The Magnetic North eBook

This eBook from the Gutenberg Project consists of approximately 607 pages of information about The Magnetic North.

Still, as they went forward, they looked back.  The Big Chimney wore an air wondrous friendly, and the wide, white world looked coldly at them, with small pretence of welcome or reward.

“I don’t believe I ever really knew how awful jolly the Big Chimney was—­till this minute.”

The Colonel smiled.  “Hardly like myself, to think whatever else I see, I’ll never see that again.”

“Better not boast.”

The Colonel went on in front, breaking trail in the newfallen snow, the Boy pulling the sled behind him as lightly as if its double burden were a feather.

“They look as if they thought it’d be a picnic,” says Mac, grimly.

“I wonder be the Siven Howly Pipers! will we iver see ayther of ’em again.”

“If they only stay a couple o’ nights at Anvik,” said Potts, with gloomy foreboding, “they could get back here inside a week.”

“No,” answered Mac, following the two figures with serious eyes, “they may be dead inside a week, but they won’t be back here.”

And Potts felt his anxiety eased.  A man who had mined at Caribou ought to know.



“We all went to Tibbals to see the Kinge, who used my mother and my aunt very gratiouslie; but we all saw a great chaunge betweene the fashion of the Court as it was now, and of y in ye Queene’s, for we were all lowzy by sittinge in Sr Thomas Erskin’s chamber.” Memoir:  Anne Countess of Dorset, 1603.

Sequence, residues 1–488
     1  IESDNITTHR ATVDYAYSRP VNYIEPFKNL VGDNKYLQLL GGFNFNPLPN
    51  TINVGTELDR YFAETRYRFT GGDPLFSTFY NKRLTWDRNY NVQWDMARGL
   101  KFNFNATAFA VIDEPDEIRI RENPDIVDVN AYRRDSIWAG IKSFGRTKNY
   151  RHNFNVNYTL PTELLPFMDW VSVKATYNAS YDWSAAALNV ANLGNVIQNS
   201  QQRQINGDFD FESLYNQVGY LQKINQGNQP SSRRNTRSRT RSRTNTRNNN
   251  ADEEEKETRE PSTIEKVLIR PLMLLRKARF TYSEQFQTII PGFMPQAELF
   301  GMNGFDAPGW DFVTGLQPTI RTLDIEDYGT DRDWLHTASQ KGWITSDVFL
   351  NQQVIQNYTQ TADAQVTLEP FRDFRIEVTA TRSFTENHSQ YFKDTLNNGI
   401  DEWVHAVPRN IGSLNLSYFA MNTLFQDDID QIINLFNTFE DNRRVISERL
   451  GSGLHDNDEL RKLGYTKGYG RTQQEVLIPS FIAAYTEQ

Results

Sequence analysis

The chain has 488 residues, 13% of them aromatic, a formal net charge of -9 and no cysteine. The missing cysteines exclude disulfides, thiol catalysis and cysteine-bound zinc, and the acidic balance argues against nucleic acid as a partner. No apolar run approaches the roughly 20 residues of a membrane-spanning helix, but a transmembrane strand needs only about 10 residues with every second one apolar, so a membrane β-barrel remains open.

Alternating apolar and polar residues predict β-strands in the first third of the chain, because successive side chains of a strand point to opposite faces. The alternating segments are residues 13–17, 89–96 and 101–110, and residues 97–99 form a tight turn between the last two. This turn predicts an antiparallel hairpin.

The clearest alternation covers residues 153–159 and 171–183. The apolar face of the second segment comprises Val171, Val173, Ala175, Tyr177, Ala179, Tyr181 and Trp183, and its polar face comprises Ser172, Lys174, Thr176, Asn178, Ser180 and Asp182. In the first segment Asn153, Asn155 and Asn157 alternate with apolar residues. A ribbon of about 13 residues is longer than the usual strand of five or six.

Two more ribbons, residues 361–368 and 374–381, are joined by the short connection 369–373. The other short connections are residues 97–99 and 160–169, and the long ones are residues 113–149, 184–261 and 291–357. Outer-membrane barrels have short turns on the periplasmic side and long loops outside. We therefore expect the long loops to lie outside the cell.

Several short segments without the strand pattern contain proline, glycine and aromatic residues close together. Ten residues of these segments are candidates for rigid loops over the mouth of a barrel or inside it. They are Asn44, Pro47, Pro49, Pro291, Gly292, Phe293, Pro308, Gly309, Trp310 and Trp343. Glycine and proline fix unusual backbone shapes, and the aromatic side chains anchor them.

It was the 26th of February, that first day that they “hit the Long Trail.”

Temperature only about twenty degrees, the Colonel thought, and so little wind it had the effect of being warmer.  Trail in fair condition, weather gray and steady.  Never men in better spirits.  To have left the wrangling and the smouldering danger of the camp behind, that alone, as the Boy said, was “worth the price of admission.”  Exhilarating, too, to men of their temperament, to have cut the Gordian knot of the difficulty by risking themselves on this unprecedented quest for peace and food.  Gold, too?  Oh, yes—­with a smile to see how far that main object had drifted into the background—­they added, “and for gold.”

They believed they had hearkened well to the counsel that bade them “travel light.”  “Remember, every added ounce is against you.”  “Nobody in the North owns anything that’s heavy,” had been said in one fashion or another so often that it lost its ironic sound in the ears of men who had come so far to carry away one of the heaviest things under the sun.

The Colonel and the Boy took no tent, no stove, not even a miner’s pick and pan.  These last, General Lighter had said, could be obtained at Minook; and “there isn’t a cabin on the trail,” Dillon had added, “without ’em.”

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The Magnetic North from Project Gutenberg. Public domain.
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